North Valley resident Scott McGill is tired of not having very nice restaurants nearby. “I’m tired of no nightlife,” he told In&Out. So, he’s determined to bring non-chain, local-concept dining establishments and entertainment to the North Valley, aiming to satisfy a hunger expressed by many in the area.
McGill, of North Core Development LLC, plans to develop a center with restaurants, retail, medical and other office space on a 30-acre parcel, along Dove Valley Road, south of Fry’s Marketplace and the new HonorHealth hospital under construction. He is in escrow to purchase the parcel along with another 30-acre parcel to the south near the planned hockey arena. That parcel, he said, would likely be sold to a multi-family developer.
The parcels, zoned commercial, require rezoning approval from the City of Phoenix to remove a now-defunct designation placed on the properties in 2001 when it was thought that a master developer would develop the infrastructure. Specific use of the property also requires city approval.
Preserving the Core
A key component of development in this area is to ensure the project meets the vision of the North Gateway Core Plan, defined by the city as “a high-density, urban environment that will reduce automobile trips, support transit, and promote the Skunk Creek Wash as a major natural amenity that allows for a trail.”
The core encompasses about 500 acres along the east side of Interstate 17 and is bounded by the Skunk Creek Wash on the west, North Valley Parkway on the east, and Dove Valley Road to the north.
The city has placed 31 stipulations of how the northernmost 30-acre property must be developed, all of which the developer has agreed to, part of establishing the core as a destination.
Only about 13 of the 30 acres would be developed, as the remainder of the site either lies in a floodplain or would be improved with streets and a connecting trail system, said Adam Baugh, an attorney at Withey Morris who presented the proposal at a public meeting of the North Gateway Village Planning Committee April 11.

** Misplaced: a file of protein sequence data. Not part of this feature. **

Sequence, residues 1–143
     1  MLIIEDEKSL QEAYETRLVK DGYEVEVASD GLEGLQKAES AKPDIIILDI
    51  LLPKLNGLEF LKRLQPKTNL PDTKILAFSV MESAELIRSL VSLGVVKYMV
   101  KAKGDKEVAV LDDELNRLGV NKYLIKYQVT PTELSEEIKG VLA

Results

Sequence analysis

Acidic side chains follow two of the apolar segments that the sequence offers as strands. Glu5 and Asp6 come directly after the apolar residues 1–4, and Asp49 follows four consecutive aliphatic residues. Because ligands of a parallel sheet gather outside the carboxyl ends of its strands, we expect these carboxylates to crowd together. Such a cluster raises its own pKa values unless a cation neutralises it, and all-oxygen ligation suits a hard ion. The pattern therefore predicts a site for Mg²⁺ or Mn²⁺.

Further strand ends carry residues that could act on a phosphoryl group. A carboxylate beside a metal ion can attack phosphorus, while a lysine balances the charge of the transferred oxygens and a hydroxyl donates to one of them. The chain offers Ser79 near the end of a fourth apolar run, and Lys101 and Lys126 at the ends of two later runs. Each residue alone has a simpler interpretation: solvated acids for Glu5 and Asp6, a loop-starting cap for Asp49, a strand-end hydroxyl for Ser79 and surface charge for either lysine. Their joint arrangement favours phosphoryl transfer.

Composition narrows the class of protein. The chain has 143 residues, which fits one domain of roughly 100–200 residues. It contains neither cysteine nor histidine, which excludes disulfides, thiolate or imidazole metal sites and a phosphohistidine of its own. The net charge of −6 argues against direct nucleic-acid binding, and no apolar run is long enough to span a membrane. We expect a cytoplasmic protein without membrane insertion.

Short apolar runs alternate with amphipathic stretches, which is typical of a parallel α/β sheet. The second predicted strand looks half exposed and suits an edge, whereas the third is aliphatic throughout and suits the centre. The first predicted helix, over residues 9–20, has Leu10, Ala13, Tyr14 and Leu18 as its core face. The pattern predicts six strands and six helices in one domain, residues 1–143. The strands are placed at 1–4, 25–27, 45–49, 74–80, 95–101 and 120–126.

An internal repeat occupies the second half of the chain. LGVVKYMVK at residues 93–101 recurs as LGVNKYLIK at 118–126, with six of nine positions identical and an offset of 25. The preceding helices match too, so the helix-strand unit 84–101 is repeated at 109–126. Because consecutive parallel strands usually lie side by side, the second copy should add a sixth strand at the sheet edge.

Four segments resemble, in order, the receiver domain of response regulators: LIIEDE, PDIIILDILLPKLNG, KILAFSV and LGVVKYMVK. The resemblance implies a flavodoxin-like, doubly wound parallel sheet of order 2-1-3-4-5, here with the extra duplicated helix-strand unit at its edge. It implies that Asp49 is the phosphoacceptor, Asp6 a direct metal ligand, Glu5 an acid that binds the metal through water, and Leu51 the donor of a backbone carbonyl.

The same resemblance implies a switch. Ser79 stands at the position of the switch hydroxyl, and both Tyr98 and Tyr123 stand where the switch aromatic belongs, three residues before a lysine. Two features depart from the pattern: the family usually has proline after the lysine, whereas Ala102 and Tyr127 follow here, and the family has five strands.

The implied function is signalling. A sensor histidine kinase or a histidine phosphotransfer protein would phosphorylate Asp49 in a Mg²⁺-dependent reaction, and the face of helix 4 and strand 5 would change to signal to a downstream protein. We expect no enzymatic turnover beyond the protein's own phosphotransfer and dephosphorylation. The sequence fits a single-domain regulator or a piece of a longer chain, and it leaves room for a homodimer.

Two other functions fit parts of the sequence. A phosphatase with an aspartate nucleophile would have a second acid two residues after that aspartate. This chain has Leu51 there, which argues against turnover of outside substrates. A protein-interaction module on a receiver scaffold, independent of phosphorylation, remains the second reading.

A pedestrian trail along Skunk Creek wash would tie in with the “work, play, live” feel of the core. The eventual goal, according to the city, is to connect the trail along Skunk Creek and the Paseo del Prado to the south, creating a more walkable core.
“We’ve found ways to embrace the wash in the project design and promote connectivity and walkability using those natural features as a development amenity,” Baugh told the North Gateway Board.
A preliminary site plan shows a courtyard setting with lush landscaping, restaurants with outdoor dining areas along the wash with views of open desert, parking set back 30 feet from the eateries, two pads with drive-through access fronting Dove Valley Road, and a mix of retail shops and medical offices to the south end of the parcel.
The city requires the developer to:
- Widen a portion of Dove Valley Road with two additional lanes and a deceleration lane along the front of the parcel.
- Install a portion of 29th Avenue to extend north and south along the eastern edge of the parcel.
- Add a stoplight at the intersection of 29th Avenue and Dove Valley Road.
The proposal was approved unanimously by the North Gateway Village Board, with a few concerns expressed about the future developability of a 20-acre parcel sandwiched between the two 30-acre parcels McGill intends to buy. The majority of that 20-acre parcel is in the wash.
The Planning Commission will consider the rezoning request May 2, before it goes to City Council for a final vote. If approved, McGill said construction could begin early next year.
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